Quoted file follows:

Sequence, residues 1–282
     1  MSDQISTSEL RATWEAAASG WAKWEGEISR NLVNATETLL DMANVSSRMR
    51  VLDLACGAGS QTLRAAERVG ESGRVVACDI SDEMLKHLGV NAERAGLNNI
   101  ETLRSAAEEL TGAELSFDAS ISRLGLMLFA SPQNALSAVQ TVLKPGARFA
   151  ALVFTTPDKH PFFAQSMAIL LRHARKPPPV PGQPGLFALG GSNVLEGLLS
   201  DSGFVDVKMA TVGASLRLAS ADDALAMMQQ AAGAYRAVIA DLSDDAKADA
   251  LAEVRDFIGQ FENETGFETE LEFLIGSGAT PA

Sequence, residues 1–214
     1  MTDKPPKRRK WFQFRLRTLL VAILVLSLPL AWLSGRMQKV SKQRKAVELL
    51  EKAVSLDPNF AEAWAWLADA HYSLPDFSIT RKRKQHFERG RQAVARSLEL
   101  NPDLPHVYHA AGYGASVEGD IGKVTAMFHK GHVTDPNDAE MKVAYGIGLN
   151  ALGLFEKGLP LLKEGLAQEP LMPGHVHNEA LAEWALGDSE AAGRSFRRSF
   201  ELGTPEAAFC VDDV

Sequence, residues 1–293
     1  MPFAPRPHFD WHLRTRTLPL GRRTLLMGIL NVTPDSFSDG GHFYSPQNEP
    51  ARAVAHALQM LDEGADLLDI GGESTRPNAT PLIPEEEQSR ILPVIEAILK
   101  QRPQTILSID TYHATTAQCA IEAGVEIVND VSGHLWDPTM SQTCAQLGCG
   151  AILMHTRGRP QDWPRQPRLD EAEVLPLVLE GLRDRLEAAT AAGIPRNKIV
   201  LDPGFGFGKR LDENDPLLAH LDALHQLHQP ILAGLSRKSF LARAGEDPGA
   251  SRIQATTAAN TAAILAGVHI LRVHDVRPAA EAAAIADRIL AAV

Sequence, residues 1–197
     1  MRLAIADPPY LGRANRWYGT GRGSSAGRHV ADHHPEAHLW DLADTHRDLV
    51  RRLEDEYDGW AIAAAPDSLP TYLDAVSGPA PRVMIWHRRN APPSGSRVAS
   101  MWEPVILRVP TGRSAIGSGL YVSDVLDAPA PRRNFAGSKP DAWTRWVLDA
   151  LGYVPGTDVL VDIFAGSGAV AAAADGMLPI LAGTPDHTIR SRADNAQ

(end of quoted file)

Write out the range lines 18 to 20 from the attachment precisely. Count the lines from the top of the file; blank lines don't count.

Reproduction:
   151  AILMHTRGRP QDWPRQPRLD EAEVLPLVLE GLRDRLEAAT AAGIPRNKIV
   201  LDPGFGFGKR LDENDPLLAH LDALHQLHQP ILAGLSRKSF LARAGEDPGA
   251  SRIQATTAAN TAAILAGVHI LRVHDVRPAA EAAAIADRIL AAV